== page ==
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Dreaming of a white Christmas

I have a snow shovel.

It’s not just any snow shovel, either. It’s an “Arctic Blast” brand shovel, with an oversized grip for my big puffy red winter mittens. It is covered with cobwebs.

It is my fantasy to get up early on Christmas morning, the last of the luminarias in my Albuquerque neighborhood long burned out, and shovel the walk before visitors arrive.

As they do most years, my friends at the National Weather Service crushed my spirit Monday, saying that this wish will likely again go unfulfilled. “If you’re looking for snow to fall on Christmas, it’s probably not your year,” meteorologist Jennifer Palucki said.

It was snowing in northern New Mexico on Monday afternoon, with more expected overnight, and I had half a mind to jump into the car and drive up to Taos with my snow shovel to see if anyone needed help. And a band of wet weather blew through Albuquerque, as if to taunt me and my shovel. But it was far too warm and left far too little in its wake to give me much hope.

By Wednesday, the snowstorms will be gone and we are likely to see a warm, dry Christmas in Albuquerque, with a forecast high around 50.

I should learn. The probability of a White Christmas in Albuquerque, as measured by visible flakes falling from the sky, is about 1 in 20, according to the Weather Service. The closest thing to a recent White Christmas came in 2011, when leftovers from an earlier storm were still hiding in the shadows in foothills neighborhoods.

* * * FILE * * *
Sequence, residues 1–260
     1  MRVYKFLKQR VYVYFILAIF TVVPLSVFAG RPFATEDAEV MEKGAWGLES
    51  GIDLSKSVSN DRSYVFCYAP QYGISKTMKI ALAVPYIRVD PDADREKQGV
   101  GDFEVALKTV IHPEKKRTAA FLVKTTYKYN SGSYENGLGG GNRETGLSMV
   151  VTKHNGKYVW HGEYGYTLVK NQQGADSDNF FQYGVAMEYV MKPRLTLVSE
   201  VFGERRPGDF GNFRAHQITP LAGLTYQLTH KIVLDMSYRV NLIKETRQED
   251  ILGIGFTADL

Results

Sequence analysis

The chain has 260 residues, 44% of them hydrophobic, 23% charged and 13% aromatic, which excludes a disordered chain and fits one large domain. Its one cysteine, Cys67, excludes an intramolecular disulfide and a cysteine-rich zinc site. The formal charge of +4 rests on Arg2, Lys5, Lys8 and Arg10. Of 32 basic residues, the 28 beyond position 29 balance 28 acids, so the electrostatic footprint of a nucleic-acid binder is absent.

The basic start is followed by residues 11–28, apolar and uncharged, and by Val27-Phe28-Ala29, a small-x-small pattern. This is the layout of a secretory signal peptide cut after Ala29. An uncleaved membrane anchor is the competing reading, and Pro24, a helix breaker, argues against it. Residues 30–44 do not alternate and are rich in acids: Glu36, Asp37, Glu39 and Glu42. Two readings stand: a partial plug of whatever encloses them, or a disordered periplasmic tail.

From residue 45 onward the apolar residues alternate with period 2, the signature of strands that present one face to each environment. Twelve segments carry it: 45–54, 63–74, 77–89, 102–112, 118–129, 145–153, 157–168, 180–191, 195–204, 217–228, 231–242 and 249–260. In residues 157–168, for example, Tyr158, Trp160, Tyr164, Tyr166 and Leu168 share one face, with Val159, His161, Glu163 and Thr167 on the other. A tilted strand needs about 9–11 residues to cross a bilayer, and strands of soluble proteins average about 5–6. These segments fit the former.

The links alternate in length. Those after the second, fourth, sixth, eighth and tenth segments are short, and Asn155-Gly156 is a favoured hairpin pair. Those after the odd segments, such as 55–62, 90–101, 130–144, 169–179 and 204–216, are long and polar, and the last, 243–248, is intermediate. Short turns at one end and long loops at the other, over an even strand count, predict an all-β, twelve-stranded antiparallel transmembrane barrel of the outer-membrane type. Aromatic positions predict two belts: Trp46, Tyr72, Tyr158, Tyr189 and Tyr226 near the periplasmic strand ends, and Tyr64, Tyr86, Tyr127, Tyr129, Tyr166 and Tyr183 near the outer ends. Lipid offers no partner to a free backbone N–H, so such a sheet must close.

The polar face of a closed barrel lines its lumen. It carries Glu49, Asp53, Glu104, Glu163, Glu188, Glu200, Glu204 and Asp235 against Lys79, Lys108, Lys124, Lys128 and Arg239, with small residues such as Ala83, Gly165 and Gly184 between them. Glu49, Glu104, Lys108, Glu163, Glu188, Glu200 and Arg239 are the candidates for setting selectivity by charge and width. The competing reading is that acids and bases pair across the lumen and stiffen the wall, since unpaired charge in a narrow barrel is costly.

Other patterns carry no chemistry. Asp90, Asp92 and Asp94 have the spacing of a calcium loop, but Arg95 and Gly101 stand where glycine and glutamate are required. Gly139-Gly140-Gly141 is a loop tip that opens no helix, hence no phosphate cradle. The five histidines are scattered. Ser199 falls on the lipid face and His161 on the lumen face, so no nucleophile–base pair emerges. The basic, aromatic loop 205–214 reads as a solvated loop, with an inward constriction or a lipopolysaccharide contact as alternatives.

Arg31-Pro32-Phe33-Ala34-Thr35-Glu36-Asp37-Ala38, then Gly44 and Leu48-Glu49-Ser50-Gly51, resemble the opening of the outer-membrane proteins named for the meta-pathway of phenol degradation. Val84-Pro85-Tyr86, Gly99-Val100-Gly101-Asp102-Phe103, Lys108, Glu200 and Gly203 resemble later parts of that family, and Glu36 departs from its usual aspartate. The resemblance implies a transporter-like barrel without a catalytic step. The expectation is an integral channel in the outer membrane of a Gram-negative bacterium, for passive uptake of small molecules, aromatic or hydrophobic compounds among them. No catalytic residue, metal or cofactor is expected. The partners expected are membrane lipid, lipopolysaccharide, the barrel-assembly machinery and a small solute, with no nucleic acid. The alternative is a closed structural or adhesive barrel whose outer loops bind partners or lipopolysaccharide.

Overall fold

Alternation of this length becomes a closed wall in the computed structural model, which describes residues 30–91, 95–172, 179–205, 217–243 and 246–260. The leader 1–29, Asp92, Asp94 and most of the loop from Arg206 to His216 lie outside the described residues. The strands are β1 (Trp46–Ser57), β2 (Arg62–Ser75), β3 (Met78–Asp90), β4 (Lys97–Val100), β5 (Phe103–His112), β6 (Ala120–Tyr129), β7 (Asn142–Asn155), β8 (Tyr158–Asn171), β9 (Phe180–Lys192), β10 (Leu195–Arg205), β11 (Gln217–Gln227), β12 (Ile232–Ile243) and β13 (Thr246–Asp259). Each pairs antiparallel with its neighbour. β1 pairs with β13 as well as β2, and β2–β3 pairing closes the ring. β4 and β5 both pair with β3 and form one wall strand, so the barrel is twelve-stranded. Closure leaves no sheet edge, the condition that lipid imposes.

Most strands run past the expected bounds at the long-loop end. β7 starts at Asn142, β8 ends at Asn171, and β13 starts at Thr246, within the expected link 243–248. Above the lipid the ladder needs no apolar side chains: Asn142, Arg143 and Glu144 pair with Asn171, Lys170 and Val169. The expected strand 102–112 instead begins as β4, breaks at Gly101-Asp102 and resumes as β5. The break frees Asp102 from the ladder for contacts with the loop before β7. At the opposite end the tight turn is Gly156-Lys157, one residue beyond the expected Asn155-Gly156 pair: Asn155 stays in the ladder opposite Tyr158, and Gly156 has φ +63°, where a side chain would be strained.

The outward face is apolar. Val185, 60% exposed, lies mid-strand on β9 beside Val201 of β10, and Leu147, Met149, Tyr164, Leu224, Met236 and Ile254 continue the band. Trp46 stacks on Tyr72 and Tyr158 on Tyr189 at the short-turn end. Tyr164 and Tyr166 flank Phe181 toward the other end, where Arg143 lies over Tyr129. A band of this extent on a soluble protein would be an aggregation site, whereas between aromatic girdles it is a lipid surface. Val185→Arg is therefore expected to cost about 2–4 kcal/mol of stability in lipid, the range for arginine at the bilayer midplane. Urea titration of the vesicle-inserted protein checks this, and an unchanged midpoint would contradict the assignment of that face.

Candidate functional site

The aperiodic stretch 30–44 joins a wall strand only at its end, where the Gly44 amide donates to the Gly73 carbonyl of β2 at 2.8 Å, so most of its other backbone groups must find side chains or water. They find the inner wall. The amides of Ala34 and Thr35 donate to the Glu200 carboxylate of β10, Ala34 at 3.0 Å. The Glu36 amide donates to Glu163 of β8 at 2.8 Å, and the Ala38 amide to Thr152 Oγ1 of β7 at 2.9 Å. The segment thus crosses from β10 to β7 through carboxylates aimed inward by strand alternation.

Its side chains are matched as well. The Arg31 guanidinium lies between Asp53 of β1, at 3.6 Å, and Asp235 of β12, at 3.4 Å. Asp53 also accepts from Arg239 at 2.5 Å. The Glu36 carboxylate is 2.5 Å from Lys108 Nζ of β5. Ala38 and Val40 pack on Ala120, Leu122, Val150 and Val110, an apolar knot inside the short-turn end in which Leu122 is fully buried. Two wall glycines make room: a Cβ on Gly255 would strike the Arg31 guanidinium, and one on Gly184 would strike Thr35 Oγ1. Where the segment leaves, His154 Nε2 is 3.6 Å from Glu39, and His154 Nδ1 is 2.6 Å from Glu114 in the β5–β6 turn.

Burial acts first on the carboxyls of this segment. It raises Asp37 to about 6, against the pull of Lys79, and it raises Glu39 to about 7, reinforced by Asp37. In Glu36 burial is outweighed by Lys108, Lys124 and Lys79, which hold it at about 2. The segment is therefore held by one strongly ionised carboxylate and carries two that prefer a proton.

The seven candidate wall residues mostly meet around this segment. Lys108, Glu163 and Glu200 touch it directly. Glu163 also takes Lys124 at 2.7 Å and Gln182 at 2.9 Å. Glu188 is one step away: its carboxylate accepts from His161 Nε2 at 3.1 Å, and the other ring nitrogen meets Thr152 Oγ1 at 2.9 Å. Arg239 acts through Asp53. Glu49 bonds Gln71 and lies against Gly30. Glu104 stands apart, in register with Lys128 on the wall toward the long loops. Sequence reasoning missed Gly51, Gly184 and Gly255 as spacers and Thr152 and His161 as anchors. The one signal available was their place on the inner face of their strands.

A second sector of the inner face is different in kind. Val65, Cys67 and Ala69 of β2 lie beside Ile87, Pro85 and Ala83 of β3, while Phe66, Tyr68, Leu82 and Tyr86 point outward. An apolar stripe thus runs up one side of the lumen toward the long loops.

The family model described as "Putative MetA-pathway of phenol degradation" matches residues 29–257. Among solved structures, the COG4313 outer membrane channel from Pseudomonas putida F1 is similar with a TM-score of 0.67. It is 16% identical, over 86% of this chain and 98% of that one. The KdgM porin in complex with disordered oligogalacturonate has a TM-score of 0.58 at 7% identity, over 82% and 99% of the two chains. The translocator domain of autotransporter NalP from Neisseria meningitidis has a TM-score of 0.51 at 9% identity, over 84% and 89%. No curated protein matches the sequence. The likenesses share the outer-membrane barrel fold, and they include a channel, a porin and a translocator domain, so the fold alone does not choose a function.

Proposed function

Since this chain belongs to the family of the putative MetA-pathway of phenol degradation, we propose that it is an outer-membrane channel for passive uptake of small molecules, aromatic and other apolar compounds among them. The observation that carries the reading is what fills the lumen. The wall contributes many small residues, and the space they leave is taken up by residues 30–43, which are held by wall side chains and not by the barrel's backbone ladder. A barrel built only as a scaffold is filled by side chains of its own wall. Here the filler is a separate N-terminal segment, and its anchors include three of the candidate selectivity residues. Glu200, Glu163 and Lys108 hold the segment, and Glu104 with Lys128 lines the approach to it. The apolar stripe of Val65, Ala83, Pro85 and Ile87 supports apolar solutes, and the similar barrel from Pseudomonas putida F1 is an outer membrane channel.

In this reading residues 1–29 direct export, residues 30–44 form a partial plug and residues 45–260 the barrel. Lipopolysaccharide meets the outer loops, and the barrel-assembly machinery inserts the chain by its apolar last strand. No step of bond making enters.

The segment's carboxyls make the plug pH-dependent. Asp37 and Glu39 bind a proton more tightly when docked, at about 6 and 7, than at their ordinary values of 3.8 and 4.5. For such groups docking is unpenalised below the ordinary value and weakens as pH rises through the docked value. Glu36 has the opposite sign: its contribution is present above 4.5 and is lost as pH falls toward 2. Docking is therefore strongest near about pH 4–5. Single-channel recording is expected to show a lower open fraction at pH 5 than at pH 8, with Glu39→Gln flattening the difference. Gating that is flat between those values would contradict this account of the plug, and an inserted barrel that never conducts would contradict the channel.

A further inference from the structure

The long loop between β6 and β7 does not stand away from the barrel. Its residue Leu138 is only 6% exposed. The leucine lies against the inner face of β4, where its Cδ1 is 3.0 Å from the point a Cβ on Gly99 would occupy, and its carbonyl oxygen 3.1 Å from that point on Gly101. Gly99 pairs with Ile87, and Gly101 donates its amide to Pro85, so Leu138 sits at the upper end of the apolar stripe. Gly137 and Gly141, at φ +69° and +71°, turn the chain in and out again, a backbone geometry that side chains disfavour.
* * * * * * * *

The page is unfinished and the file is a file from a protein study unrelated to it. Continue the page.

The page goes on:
I still remember, vividly, the one time as a kid growing up in suburban Los Angeles when it snowed. I was in fifth grade, and it was the Friday before Christmas, and my teacher wouldn’t let me go out and play with the other kids because I had a little bit of a cold.

I do not remember the teacher’s name, but I have not forgiven her.

In other words, I grew up in the place songwriter Irving Berlin had in mind when he penned the rarely sung first verse of his holiday classic, White Christmas: “The sun is shining, the grass is green, The orange and palm trees sway. There’s never been such a day in Beverly Hills, LA.

“But it’s December the 24th, And I am longing to be up North.”

It is all about that longing.

I have embraced the Irving Berlin myth. Several years ago my wife, Lissa Heineman (whose love for me includes a frequent “oh, brother” roll of the eyes), bought me a snow shovel. It was a response to the comical attempts of a former LA kid to shovel off our Albuquerque driveway and sidewalk after the big blast of December 2006, using a tool clearly unsuited to the task.

I expected mockery from my friend Dean Hanson, a Journal photographer and Minnesota native, when I came around the photo department Monday with a mug shot of my cobweb-covered snow shovel. But Dean was kind. He said he really regretted not bringing his snow shovel with him when he moved here. They’re great for cleaning up leaves after those fall windstorms, he said.

Dean also had a tip: when a storm’s coming, leave the snow shovel outside the front door. If the shovel’s too warm when you start, he said, it will melt the snow, then ice up.

The data nerds at Facebook scraped a vast quantity of data last summer from users’ feeds to try to determine what they said they were the most thankful for. As you would expect, friends, family and health topped the list. But when they sliced up the data to find out what New Mexicans were unusually grateful for – the things that separate use from the rest of the nation. At the top of that list: “the rain.”

We’re a dry place, so it’s natural that a longing for rain might set us apart. Our neighbors in Texas and Arizona, both suffering under drought last summer, shared our thankfulness for the occasional precipitation.

If the Facebook nerds reran their analysis at this time of year and we happened to have some snow during the window of time under study, they would find New Mexicans similarly enamored on the rare winter days when it snows.

Against meteorological reality, here in the desert, we have a longing.

UpFront is a daily front-page opinion column. Comment directly to John Fleck at 823-3916 or Go to to submit a letter to the editor.